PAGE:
Keep Our Families Safe
Safeguarding Your Right to a Trial by Jury

On May 1st, many lawyers and legal scholars in America celebrated Law Day. This yearly observance was established by President Dwight D. Eisenhower in 1958 to honor our nation’s heritage of liberty, justice, and equality under the law. 

This year’s theme, “The American Jury: We the People in Action,” is particularly relevant at this time when all Americans are seeing their Constitutional right to a trial by jury threatened by attacks at the state and federal levels.
The right to a jury trial has been a force for justice for over 2,000 years, since the Romans. President Thomas Jefferson, who worked to include this principle in the Bill of Rights, called the jury process the best of all possible safeguards for the person, property, and reputation of every citizen. 
Presenting your case to a jury of your peers is a cornerstone of American democracy.  For most Americans, it will be the primary way – other than voting, serving in the military, or paying taxes – in which they directly participate in the democratic process. In contrast to other nations, where paid and appointed judges alone hand down decisions, we depend on America’s jurors to help balance the scales of justice.
More than five million Americans are called for jury duty each year to determine guilt or innocence, safety and security, and in the most serious of cases, life or death. When we entrust jurors from our communities to decide legal cases, we reinforce our faith that ordinary citizens can make the right decision, and no individual receives special treatment because of race, religion, education level, or economic status.
Juries are made up of our friends, family, neighbors, and co-workers – in other words, ordinary Americans.
For all the complaints about the jury system, the evidence suggests that juries get it right almost all of the time. In a recent American Bar Association study, Perceptions of the U.S. Justice System, a sampling of the American public agreed by a 78 to 17% margin that "the jury system is the most fair way to determine the guilt or innocence of a person accused of a crime."
In another survey of federal judges paralleling this conclusion, 97% of the 594 federal judges surveyed said they agree with the jury verdicts most or all of the time.  Even more encouraging, by an 8-1 ratio, federal judges said that if they were on trial, they would prefer to have their dispute decided by a jury rather than a judge.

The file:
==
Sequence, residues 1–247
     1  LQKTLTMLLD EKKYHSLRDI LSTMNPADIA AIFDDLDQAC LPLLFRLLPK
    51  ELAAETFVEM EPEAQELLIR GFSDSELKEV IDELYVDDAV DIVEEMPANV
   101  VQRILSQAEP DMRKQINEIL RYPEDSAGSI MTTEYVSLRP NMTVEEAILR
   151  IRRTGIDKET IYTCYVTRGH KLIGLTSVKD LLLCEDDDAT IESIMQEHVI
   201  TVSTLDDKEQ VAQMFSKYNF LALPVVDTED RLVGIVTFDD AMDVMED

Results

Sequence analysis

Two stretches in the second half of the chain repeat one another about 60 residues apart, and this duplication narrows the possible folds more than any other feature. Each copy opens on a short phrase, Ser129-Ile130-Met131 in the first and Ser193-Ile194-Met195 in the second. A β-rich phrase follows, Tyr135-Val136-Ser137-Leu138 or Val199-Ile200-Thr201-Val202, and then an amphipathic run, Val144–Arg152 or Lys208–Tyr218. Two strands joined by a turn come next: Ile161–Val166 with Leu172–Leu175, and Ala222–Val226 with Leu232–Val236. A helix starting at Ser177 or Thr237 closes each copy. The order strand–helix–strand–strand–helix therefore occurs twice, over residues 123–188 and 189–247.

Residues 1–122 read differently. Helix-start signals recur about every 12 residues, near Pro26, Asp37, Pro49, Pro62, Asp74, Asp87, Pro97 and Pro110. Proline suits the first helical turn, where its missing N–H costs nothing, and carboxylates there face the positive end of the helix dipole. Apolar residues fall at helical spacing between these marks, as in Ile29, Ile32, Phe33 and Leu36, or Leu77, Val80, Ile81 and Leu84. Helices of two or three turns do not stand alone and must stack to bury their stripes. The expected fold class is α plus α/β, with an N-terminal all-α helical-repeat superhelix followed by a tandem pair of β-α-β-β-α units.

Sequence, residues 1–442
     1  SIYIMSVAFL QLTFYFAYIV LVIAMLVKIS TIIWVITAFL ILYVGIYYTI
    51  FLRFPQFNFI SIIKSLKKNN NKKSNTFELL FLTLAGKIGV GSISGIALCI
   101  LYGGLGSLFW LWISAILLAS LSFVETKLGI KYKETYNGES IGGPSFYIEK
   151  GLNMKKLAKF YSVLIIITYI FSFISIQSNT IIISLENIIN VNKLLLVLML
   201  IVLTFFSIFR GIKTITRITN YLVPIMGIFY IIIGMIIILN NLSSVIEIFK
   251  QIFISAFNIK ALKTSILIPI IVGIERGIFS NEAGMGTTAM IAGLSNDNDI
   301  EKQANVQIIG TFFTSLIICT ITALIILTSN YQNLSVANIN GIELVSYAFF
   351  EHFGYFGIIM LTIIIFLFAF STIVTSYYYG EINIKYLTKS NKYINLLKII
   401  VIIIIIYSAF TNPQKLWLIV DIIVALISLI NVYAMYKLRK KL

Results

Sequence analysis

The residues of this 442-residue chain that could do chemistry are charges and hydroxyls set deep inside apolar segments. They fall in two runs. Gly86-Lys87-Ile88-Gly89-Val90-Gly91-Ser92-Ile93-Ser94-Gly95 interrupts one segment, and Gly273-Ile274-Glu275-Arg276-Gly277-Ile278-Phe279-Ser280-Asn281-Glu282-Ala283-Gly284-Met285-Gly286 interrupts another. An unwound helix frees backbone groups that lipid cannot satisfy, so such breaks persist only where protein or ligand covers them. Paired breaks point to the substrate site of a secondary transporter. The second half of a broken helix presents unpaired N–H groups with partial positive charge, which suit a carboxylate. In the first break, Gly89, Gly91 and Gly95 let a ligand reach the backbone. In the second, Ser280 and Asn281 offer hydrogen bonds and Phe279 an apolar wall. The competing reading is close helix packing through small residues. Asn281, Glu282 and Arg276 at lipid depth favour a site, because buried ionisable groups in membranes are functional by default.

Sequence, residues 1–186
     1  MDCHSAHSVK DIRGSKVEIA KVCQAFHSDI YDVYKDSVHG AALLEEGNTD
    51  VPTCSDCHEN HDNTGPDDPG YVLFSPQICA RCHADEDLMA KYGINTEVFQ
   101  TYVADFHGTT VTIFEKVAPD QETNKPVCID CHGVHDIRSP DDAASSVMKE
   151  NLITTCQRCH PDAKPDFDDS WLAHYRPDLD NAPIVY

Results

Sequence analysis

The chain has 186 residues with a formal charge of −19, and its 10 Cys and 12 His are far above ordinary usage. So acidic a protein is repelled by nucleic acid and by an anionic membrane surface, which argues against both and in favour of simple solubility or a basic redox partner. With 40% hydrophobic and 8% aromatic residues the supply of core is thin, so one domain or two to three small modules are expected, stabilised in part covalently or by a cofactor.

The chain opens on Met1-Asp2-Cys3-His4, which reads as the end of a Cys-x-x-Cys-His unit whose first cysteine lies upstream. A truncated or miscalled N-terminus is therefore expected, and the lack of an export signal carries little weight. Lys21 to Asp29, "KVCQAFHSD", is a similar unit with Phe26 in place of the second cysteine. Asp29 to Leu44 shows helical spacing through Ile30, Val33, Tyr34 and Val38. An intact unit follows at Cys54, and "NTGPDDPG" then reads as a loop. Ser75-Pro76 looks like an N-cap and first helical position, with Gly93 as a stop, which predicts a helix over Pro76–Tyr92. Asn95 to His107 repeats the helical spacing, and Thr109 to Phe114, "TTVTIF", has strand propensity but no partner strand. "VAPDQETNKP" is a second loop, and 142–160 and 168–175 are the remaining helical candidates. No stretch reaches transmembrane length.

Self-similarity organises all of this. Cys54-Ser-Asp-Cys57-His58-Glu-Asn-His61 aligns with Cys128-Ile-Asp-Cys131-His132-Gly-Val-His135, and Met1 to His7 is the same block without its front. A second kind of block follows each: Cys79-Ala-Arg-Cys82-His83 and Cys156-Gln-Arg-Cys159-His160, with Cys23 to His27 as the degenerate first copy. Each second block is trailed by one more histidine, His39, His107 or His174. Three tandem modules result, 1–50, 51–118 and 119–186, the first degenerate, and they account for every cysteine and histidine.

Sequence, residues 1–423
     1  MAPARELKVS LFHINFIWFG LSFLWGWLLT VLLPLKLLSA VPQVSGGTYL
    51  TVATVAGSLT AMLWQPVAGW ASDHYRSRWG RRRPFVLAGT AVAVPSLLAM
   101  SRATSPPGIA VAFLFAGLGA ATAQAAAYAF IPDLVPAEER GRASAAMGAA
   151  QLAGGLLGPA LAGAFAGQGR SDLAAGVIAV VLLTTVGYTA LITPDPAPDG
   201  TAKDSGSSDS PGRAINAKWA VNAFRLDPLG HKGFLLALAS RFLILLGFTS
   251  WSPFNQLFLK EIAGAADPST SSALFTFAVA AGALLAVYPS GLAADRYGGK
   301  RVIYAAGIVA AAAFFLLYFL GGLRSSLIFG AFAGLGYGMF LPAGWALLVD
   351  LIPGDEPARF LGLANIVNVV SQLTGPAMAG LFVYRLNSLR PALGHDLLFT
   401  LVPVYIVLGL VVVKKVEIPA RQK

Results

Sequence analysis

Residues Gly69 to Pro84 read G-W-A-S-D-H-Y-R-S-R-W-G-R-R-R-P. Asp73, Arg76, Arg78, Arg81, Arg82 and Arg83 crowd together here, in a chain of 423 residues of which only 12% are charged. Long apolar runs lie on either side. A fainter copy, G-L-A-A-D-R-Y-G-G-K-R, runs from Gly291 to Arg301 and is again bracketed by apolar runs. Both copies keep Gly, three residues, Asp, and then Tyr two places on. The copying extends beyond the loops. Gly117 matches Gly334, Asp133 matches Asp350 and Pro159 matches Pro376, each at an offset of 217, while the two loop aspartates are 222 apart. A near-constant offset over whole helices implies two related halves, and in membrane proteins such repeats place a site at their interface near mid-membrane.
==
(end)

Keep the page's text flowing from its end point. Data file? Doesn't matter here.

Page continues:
However, powerful interests are currently lobbying Congress daily to undermine your right to a fair trial by a jury. Negligent corporations and industry groups don’t like the fact that groups of ordinary citizens can find them liable for causing serious injury, death, or financial harm, and levy heavy fines or punishment against them for criminal behavior. And some Congressional leaders are attempting to push through a host of legislation, such as arbitrary, one-size-fits-all limits on the damages juries can provide for victims of medical negligence or dangerous products – which completely pervert over 200 years of America’s jury tradition.
The great majority of working Americans would probably be alarmed to find out that corporate interests are working not only to influence the instruments of government and obtain special protections against accountability, but to devalue and restrict the fundamental right of citizen participation in government.
Almost no one looks forward to jury duty, even though most who serve find it a valuable and educational way of participating first-hand in our democracy. But when you and your family find yourselves depending on a jury’s decision, the importance of a fair and wise jury panel increases. This bedrock American institution – the citizen jury –  helps ensure freedom of expression, the sanctity of contracts, the rights of workers, the safety of products and services, the preservation of the environment, and all the underpinnings of civil society. 
Those who seek to undermine this essential institution fundamentally distrust the American people - you, your family, your neighbors, your friends, your co-workers - who do their patriotic duty by serving on juries.

Todd A. Smith, president of the Association of Trial Lawyers of America, is a partner in the Chicago, IL, law firm of Power Rogers & Smith.